• Performance Management: Involves obtaining regular customer feedback, tracking actual performance along the measurement dimensions established in the goals, feeding back performance information to relevant subsystems, taking corrective action if performance is off target, and resetting goals so that the organization is continually adapting to external and internal reality.
  • Resource Management: Involves balancing the allocation of people, equipment, and budget across the system. Resource allocation should enable each function to achieve its goals, thereby making its expected contribution to the overall performance of the organization.
  • Interface Management: Involves ensuring that the “white space” between functions is managed. In this capacity, managers resolve functional turf” conflicts and establish infrastructures to support the collaboration that characterizes efficient, effective internal customer-supplier relationships.

The Organization Management question is this: Is the Computec executive team managing goals, performance, resources, and interfaces?

Computec is not doing well in this area. Many of its functional goals are in conflict and support short-term profit, rather than the strategic goals around product development, customer service, and order processing. The company has no system for performance tracking, feedback, and improvement. Resources are allocated on a “whoever shouts loudest” basis, and the silos around product development, marketing, and operations are tall and well fortified. All four Organization Management areas will have to be addressed if Computec’s strategy is to succeed.

Process Level

When we lift the lid and peer inside an organization, the first things we see are the various functions. However, the systems view suggests that this perspective does not enable us to understand the way work actually gets done, which is a necessary precursor to performance improvement. For this understanding, we need to look at processes. Most key dimensions of organization performance result from cross-functional processes, such as order handling, billing, procurement, product development, customer service, and sales forecasting. The following is an overview of its three Variables, using Computec as an example.

Process Goals. Since processes are the vehicle through which work gets produced, we need to set goals for processes. The goals for processes that touch the external customer (for example, sales, service, and billing) should be derived from the Organization Goals and other customer requirements. The goals for internal processes (for example, planning, budgeting, and recruiting) should be driven by the needs of the internal customers.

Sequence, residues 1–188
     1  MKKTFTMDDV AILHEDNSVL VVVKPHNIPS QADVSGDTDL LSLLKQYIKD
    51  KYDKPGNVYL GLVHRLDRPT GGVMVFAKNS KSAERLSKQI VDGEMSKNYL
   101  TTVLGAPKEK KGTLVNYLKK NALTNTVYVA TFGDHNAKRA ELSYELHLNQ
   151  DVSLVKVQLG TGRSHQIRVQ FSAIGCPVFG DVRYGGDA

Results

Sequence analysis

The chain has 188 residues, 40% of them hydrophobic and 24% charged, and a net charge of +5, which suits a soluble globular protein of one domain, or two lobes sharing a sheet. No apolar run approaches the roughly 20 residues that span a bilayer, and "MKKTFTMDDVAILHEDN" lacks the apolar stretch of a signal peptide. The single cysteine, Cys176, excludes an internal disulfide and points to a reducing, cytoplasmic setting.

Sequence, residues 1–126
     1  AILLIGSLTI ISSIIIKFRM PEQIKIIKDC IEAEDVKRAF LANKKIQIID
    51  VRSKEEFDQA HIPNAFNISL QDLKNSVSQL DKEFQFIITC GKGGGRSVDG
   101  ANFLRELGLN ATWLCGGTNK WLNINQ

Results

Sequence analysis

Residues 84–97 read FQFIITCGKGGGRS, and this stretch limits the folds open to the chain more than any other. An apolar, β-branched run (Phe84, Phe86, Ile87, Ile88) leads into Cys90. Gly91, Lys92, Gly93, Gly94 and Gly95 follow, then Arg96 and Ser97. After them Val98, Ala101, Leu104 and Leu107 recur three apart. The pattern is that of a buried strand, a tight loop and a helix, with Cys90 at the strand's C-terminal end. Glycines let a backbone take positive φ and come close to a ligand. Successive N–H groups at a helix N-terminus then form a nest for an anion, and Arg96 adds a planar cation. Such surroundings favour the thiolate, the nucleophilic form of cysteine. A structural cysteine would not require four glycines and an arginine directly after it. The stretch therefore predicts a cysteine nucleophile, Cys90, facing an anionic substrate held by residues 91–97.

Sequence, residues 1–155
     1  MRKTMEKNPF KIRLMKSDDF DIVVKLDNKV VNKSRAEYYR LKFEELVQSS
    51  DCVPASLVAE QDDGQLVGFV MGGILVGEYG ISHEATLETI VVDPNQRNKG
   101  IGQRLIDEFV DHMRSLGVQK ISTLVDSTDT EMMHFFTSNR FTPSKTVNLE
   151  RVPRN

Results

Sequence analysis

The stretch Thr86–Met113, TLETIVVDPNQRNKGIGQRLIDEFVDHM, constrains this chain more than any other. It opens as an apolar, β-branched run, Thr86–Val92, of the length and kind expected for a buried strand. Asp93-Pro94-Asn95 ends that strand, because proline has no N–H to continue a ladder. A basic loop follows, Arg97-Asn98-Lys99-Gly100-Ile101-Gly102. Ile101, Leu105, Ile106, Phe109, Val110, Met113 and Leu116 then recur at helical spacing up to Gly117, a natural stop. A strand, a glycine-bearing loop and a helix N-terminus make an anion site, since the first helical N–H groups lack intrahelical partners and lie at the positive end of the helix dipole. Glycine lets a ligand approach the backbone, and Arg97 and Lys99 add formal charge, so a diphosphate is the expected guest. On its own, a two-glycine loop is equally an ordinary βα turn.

Functional goals, which are part of the Organization Management variable just discussed, should not be finalized until we see the contribution that each function needs to make to the key processes. Each function exists to serve the needs of one or more internal or external customers. If a function serves external customers, it should be measured on the degree to which its products and services meet those customers’ needs. If a function serves only internal customers, it should be measured on the way it meets those customers’ needs and on the value it ultimately adds to the external customer. In both cases, the key links to the customer are the processes to which the function contributes.

The installation process, for example, is critical to any company that installs equipment in a business or a residence. One function that contributes to the installation process is the sales department. Even though sales may not be part of the installation itself, it is part of the installation process because salespeople usually write orders that include specifications for equipment installations. Because it has a significant impact on the quality and timeliness of an installation, the sales department should be measured on the accuracy, specificity, understandability, and timeliness with which its people provide installation specifications to the department that performs the installation. Installation specification goals are not necessarily part of the sales measurement system. However, when you look at the organization as a set of processes, and at the sales department in terms of the contributions it makes to all the processes it enables and supports, a richer set of goals emerges.